Once upon a time, I was fearless. I started conversations with everyone I met, I never said no to an adventure, and I loved to explore. Now I look at each step I take with fear and uncertainty, worrying myself about the dangers it may present to those tiny souls I love the best. “Be careful!” has become my battle cry, and I am equally worried that I’m too strict and too lax. Am I teaching them good skills for being safe, or am I coddling them and making them afraid to go out and live their lives?
In everything, I am a mother. I put off writing the stories and painting the canvases and meeting the people because there is always a child to cuddle or feed or help with homework. I am at war with myself, wanting to be more than “just” a mother, while simultaneously feeling ashamed that I want to be anything else.
I find myself wondering what I’d do if my kids were all safely at camp for a day (an idea I hesitate even fantasizing about due to that all-consuming fear that overcomes me when presented with the thought of my children being looked after by anyone but me). If the kids were happily occupied and my husband was otherwise engaged, what would I do with myself? Who would I choose to be in those minutes or hours or days? Would I paint or write or go shopping or take a long bath or go to the gym or see a film or take a class or invite a neglected friend for a drink? I admit that I have no shortage of ideas of things I could potentially do for a short while. There’s a million things I miss doing, and I’m sure I’d jump at the chance to do them.
But the bigger question is what will I do with myself when my kids are safely grown and out of the house and don’t need me day to day? Who will I be then? I don’t want to be the mom that calls every day or insists they come home for every holiday. I want to be the mom who encourages them to get out and spread their wings to fly. I want them to explore the world and see all that can be seen. I want to encourage them to love unconditionally and often. I want them to think with their heads and their hearts. I want them to think too much but to also be spontaneous. I want them to know who they are and whose they are.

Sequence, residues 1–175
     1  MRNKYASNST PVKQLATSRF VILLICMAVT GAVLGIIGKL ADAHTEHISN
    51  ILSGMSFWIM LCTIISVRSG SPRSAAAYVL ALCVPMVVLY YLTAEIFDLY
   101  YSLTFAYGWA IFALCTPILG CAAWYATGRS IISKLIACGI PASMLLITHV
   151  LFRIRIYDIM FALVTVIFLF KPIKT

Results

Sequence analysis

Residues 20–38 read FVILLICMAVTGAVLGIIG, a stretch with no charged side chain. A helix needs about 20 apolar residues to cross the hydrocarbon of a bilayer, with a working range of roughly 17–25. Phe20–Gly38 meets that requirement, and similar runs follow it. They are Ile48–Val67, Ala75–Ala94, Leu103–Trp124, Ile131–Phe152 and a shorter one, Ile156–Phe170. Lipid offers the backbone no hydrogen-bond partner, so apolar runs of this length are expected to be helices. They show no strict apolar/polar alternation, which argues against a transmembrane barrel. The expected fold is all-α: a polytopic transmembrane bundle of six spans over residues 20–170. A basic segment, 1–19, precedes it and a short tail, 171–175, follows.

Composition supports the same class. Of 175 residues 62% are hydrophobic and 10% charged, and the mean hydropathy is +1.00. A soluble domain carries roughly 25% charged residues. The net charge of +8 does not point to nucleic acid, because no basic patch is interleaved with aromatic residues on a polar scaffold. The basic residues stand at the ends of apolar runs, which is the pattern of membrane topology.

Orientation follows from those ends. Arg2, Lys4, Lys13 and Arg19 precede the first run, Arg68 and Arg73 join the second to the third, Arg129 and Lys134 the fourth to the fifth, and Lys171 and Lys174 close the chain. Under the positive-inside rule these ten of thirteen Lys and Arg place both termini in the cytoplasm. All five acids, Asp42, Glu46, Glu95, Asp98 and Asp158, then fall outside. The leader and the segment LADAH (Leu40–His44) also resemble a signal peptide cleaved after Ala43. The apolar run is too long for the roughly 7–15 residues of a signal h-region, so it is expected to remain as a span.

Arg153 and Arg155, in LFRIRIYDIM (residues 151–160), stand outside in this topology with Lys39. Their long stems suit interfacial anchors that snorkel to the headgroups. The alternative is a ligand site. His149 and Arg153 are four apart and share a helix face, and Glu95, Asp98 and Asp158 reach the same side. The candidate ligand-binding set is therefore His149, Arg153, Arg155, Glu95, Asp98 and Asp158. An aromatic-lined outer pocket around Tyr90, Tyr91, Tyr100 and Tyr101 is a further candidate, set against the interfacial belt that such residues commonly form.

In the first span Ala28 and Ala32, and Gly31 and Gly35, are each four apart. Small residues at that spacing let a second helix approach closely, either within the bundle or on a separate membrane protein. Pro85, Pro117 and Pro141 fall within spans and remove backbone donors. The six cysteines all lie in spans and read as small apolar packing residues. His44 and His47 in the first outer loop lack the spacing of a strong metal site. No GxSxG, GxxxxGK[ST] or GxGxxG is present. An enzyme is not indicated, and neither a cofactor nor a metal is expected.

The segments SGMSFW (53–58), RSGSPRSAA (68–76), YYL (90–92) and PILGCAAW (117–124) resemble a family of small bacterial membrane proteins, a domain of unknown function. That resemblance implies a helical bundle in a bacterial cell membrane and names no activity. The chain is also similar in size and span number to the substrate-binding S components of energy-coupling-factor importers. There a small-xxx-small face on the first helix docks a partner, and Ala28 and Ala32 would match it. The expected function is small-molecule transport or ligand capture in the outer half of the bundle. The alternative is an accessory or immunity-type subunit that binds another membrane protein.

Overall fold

And this is how it hits me. For all the things I want them to do and be, I have to lead by example. I have to be a little selfish once in a while, taking the time I need to be the me I like the best. I need to wake up early on a Saturday and drive to Starbucks with my laptop and write for hours. I need to lock myself in my craft room with a bottle of wine some evening and allow myself to CREATE. I want to jump on the treadmill and power walk through episodes of some cheesy sci-fi show that no one else likes. I want to play with makeup and hairstyles and shamelessly take duck-face selfies because DAMNIT I AM THE ONLY WOMAN IN THIS HOUSE AND I WANT TO FEEL LIKE A GIRL ONCE IN A WHILE. I want to not be afraid to bundle the kids in the car and drive three hours away to go see some ridiculous roadside attraction that would make us all laugh just for the memories.
The truth is that I can’t separate who I am as a person from who I am as a mom. Being a mom is the biggest part of my identity, but it’s not the ONLY part. I am a mom who writes and paints and laughs. The woman who jumps on the trampoline because it’s fun is the same woman who will pee her pants while doing it because she has birthed four kids, and that’s just how it is now.
The me I like the best is the one who doesn’t feel a need to separate her womanhood from her motherhood. I don’t just happen to be a mom – I am a mom who happens to be a woman worth knowing.